Monday, April 28, 2014

Juvenile feathers

This is a photo of the wings and tail feathers of my juvenile male shama, DDS261, at 37 days of age. It shows what can be achieved through careful selective line-breeding over many generations and proper nutrition and care.

 The feathers of wild-caught and captive-bred juvenile shamas (taimongs) are often ragged and lack shine.  Here the feathers have a health and sheen usually seen only in well kept adult shamas in top condition.

DDS261's father, Firefly, had taimong tails of 3.75" when he was 37 days of age.  These grew to the very great length (for a male taimong) of about 6.75" at 65 days.  The length of Firefly's taimong tails indicated that he would likely have very long first molt tails and he did not disappoint.  His first molt tails were 13.5".

In comparison, DDS261's tails at 37 days are 4" i.e substantially longer than his father's at the same age.  His brother from the same nest, DDS262, also has very long taimong tails of 3.75" at 37 days i.e. the same length as Firefly's tails at the same age.

Not only are the taimongs' tails long but they are also "piped" suggesting that this desirable feature may have been incorporated into my strain of captive bred shamas through selective line-breeding. It remains to be seen if the tails will remain piped (as in many of my shamas and all of Skyhawk's progeny), when the taimongs become adults.

The taimongs' tails still have a long way to grow.  Hopefully, they will be as long, or longer, than their father's tails when fully grown in about a month. I should mention that their other physical aspects are also not lacking and they have good heads and conformation.

What is exciting Jeffrey, Michael and I is not so much the length of DDS261 and DDS262's tails but the prospect that Firefly may be that one in a million bird, a "super male".  By this I mean that he may have the ability to pass on his attributes and exceptionally long tails to his offspring even when he is mated to females with short tails that do not carry the genes that produce long tails.

The mother of the taimongs is a wild-caught with primary tails of only 5". Firefly was outcrossed to her as she possesses certain characteristics that I want to have, or fix, in my shamas, including "piped" tails and a very good head.

The genes for long tails are recessive as they must be since, otherwise, all shamas would have long tails.  When a long tailed shama is mated to one with short tails that does not carry the gene for long tails, the resulting offspring should have short tails as the short tailed shama's genes will be dominant over the recessive genes for long tails.  The subject of genes and inheritance is more complex than this but this explanation suffices as an introduction to the subject.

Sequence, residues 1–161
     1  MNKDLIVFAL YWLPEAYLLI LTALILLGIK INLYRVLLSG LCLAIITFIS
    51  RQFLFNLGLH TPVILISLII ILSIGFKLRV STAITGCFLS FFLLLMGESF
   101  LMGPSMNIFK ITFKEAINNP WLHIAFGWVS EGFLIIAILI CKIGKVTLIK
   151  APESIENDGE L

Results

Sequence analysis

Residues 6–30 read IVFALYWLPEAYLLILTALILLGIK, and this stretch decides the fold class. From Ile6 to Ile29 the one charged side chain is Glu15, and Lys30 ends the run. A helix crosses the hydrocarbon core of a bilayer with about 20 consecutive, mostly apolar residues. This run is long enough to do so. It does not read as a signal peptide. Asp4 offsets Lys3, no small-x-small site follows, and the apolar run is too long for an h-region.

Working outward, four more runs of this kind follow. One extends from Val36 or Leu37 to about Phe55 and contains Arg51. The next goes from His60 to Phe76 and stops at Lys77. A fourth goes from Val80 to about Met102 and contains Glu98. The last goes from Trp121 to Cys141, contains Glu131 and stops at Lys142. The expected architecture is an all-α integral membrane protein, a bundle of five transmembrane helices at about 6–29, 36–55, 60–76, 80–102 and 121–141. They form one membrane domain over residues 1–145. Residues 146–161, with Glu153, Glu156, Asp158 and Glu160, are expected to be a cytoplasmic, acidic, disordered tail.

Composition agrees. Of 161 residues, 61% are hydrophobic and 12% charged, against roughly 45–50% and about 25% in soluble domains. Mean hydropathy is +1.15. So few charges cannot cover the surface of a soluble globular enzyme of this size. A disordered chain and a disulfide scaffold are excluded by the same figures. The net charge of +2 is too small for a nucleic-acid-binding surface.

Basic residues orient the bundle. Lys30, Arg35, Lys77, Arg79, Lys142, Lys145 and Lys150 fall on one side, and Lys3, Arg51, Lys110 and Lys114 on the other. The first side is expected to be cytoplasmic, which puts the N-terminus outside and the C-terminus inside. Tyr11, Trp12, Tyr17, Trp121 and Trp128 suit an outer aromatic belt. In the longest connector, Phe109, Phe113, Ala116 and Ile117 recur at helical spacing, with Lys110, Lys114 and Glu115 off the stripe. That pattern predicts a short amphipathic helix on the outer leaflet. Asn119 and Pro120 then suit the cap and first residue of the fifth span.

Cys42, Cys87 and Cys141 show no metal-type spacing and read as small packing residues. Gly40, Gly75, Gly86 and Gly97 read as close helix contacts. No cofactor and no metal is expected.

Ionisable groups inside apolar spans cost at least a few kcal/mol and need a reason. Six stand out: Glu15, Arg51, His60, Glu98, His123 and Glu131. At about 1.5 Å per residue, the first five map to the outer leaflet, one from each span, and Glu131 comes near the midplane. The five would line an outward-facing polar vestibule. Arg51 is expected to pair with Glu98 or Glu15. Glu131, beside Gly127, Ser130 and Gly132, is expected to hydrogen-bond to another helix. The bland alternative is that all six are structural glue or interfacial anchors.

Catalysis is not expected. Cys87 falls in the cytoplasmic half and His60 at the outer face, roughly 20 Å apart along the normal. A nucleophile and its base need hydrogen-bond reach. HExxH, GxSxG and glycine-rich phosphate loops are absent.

I expected the offspring from the mating of Firefly and the short-tailed female to produce taimongs with short tails. Imagine my surprise to see the very long tails of his male offspring.

How is it possible that such long-tailed taimongs were produced from a mating with a short-tailed female? Jeffrey suggests 2 possibilities.  One is that the short-tailed female carries the genes for long tails which are not expressed in her features.  I think this is unlikely as the female was wild-caught and there are hardly any long-tailed shamas in the wild that could have bequeathed the genes to her.

The other possibility is much more exciting.  Jeffrey notes that generations of selective inbreeding and line-breeding would have resulted in a concentration of genes for long tails (and other desirable features) in my strain of shamas.  He speculates that such a concentration of genes could have resulted in the chance production of a "super male" in the form of Firefly that has the ability to beget male offspring with exceptionally long tails regardless of which female he is mated to.

If what Jeffrey speculates is true then Firefly is priceless but this is all conjecture at this time as it is much too early to come to any conclusions.  Nevertheless, the possibility that Firefly may be a super male makes for interesting conversation and endless discussions when we meet.

BTW, Andrew Tan mentioned to me yesterday that the taimong with 5.7" tails that he had acquired from me had tails of 12" after the first molt and 15" after the 2nd molt. He should be congratulated on the care of his shama.  I understand that the 2nd molt was in an outdoor aviary and this may have assisted the molt.


  1. Good illustration on the inline breeding of shama.👍

  2. This is a testimony to your years of hard work.

  3. This is a testimony to your years of dedication, hard work and determination in improving the structure and beauty of this species.

  4. hi david,
    ur blog is nothing less than a shama encyclopedia.It not only provide us all neccerssay infomations about bird but also promote this hobby.
    once again thanks for all ur help and all this impt informations shared
    Best Regards